My Messenger Heroes - Andy Capp
3.04.06 by Buffalo Bill
The first time I saw Andy Capp, he was leaning over a desk, flirting with the very pretty receptionist of a film company in Fitzrovia. I noticed that the purple wind-cheater that he was wearing had a small Condor Cycles logo embroidered on the top left of the front panel. I was impressed.
I got my package signed for, and as I turned to leave, I said to him, ‘that jacket’s flash, innit?’. Andy was a little taken aback as I was wearing mirror shades, and no socks in the middle of winter, and if any one was being ostentatious it was me, as Andy has pointed out to me every time either of us has retold that story.
Shortly after that, I started working at the same company as Andy, at On Yer Bike. OYB was one of the two biggest pedal bike companies (the other was Vanguard), and it had the hippest riders. Andy wasn’t all that hip, he wasn’t doing the job to support his art, to pay for his guitars or to put food on the table between acting jobs like most at OYB at that time, he just rode his bike. Fast. And loved doing it.
Andy was the fastest at OYB, consistently made more money than anyone else. He also rode a fixed wheel. That him made stand apart from most of the other riders. At the time, nearly every cycle courier in London either rode or wanted to ride a mountain bike. A hippy squatter called Dom, who rode for Metropole, had a pink mountain bike made by Cannondale, and it was much admired by everyone that hung around in Soho Square (including me). Everything about Dom’s bike was fat: the tubes of the frame in which the fat-tired wheels sat, the grips on the handle-bars, the sprockets. Andy’s fixed wheel was the opposite. It was thin and austere.
Andy didn’t care what everyone else thought; he rode fixed because he thought it was faster, cooler, because it was ‘wicked’. It was the choice of a purist, of someone that believed in turning the pedals and only turning the pedals. Andy was so strong that he used to break cranks, so great was the torque that he generated as he shoved his huge 52-18 gear around. He would shear crank-arms and pull handle-bars apart.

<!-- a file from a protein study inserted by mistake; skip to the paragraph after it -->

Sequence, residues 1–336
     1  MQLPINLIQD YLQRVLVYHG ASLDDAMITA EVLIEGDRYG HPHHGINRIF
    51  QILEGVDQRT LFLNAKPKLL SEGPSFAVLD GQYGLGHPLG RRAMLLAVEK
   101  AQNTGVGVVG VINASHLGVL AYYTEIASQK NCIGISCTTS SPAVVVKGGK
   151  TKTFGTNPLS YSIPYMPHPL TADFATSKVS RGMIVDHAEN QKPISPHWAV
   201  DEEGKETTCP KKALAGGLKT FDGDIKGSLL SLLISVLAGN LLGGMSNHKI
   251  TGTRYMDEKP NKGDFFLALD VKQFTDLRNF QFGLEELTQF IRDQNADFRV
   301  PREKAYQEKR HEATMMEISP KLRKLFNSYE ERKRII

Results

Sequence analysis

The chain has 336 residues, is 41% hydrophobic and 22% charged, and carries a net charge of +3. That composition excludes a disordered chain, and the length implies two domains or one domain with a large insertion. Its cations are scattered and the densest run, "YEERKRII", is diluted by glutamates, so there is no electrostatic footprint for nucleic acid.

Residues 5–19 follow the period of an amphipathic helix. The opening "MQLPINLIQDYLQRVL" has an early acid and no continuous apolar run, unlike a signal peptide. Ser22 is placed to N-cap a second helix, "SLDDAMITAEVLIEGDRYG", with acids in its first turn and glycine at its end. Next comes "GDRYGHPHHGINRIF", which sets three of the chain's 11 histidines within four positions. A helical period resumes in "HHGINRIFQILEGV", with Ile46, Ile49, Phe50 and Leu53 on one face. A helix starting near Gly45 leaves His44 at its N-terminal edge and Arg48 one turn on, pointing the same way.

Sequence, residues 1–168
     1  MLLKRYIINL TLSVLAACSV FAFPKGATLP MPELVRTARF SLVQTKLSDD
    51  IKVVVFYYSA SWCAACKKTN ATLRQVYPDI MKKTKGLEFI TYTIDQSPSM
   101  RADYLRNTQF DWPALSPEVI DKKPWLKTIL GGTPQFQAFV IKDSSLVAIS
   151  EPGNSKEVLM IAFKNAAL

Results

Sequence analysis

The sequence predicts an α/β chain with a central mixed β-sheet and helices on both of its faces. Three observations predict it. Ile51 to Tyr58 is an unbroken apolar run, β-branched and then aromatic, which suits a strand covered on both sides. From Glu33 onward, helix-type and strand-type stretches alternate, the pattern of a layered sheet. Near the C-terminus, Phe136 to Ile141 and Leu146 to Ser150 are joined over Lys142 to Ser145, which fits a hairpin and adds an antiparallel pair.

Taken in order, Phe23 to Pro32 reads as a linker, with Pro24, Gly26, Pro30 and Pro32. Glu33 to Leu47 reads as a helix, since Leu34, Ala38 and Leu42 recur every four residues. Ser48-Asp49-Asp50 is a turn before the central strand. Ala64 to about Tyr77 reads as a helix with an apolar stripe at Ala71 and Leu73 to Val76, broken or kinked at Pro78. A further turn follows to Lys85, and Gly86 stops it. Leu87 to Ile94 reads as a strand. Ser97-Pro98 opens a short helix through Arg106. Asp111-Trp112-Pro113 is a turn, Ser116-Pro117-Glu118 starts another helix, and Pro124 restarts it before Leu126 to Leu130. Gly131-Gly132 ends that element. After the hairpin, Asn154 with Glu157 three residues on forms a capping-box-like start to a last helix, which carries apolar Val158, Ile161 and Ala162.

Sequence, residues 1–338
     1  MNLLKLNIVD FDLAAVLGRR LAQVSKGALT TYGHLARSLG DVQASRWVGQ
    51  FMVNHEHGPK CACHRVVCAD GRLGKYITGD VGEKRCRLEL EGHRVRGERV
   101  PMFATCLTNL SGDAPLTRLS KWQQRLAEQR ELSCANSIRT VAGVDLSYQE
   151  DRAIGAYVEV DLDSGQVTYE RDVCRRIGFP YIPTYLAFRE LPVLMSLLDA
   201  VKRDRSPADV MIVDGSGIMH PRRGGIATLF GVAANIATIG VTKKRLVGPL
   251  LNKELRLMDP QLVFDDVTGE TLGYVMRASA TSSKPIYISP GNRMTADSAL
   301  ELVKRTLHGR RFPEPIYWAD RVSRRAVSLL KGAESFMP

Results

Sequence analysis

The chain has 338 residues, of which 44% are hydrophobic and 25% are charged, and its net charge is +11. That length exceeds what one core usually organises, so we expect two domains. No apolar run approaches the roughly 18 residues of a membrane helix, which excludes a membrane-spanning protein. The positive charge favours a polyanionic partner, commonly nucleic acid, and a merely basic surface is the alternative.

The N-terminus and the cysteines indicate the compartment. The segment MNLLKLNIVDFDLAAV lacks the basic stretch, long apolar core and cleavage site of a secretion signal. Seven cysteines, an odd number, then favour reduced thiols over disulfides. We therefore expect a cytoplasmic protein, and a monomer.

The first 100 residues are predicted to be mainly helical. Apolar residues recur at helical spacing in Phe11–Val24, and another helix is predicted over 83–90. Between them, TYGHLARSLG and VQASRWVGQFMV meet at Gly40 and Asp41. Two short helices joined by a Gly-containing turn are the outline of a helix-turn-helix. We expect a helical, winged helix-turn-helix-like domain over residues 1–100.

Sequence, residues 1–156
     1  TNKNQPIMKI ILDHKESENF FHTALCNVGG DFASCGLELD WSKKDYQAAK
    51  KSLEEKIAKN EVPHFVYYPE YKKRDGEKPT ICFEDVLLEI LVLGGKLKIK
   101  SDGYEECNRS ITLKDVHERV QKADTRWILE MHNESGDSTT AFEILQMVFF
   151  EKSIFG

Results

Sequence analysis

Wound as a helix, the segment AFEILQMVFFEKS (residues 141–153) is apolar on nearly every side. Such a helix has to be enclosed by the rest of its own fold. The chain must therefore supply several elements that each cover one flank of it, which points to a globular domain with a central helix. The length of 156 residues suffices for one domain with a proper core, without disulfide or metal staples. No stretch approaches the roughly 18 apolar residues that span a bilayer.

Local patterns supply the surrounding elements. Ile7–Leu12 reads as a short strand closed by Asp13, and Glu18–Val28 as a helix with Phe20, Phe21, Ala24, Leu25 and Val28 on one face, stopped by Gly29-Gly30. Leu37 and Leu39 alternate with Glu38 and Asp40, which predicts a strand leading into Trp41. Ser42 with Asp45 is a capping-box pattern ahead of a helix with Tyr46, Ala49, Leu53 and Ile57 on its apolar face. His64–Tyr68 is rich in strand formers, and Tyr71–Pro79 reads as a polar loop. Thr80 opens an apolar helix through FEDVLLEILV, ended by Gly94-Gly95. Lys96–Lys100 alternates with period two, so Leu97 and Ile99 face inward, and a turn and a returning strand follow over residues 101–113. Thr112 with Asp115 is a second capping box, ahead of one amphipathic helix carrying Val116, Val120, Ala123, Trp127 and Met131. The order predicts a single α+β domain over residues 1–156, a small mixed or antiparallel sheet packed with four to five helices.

He also had the knack that a very few messengers have of being able to cut straight through traffic without ever slowing down, or causing the traffic through which he was moving to swerve to avoid him. I couldn’t do it, and only a few truly can. Andy could cut straight through a junction like Ludgate Circus as if the crossing traffic wasn’t there, avoiding the speeding cars, lorries and buses without seeming to.
He worked for a while as a mechanic at Condor, and got good enough to be taken on the Milk Race, as a mechanic in the neutral service car. Monty Young once told me that he thought Andy Capp could build wheels as well as anyone.
As he and I are very similar dimensions so he was able to sell me one of his bikes. Andy sold a lot of bikes and bike parts to messengers.
Andy got bored of working in a bike shop, even if it was Condor (‘after you done one 753 Record Gruppo build-up, you done ‘em all’), though, and ended up back on the road at Wings Couriers, and then after a trip to the Far East, back on the same circuit as me at Security Despatch. We used to keep score, and I never ever once managed to beat his docket total in any week. We went to the first Cycle Messenger Championships and he made the final, placing in the top 20, the best placed London rider. He made the final in 95 as well, again the best-placed London rider. He won the first alleycat series that was ever held in London, and was a key organiser of the first Messenger Championships held in London, 1994
He moved to San Francisco, and started working as a messenger there, on one of the better circuits, and proceeded to kick their arses too. He got the reputation for calling for any tag, no matter what it was, no matter where it was. Of being real hard worker.
And he’s still riding today, 2 days a week, for the company of which he is a partner, 21, nearly 22 years later. And still loving it. What a hero.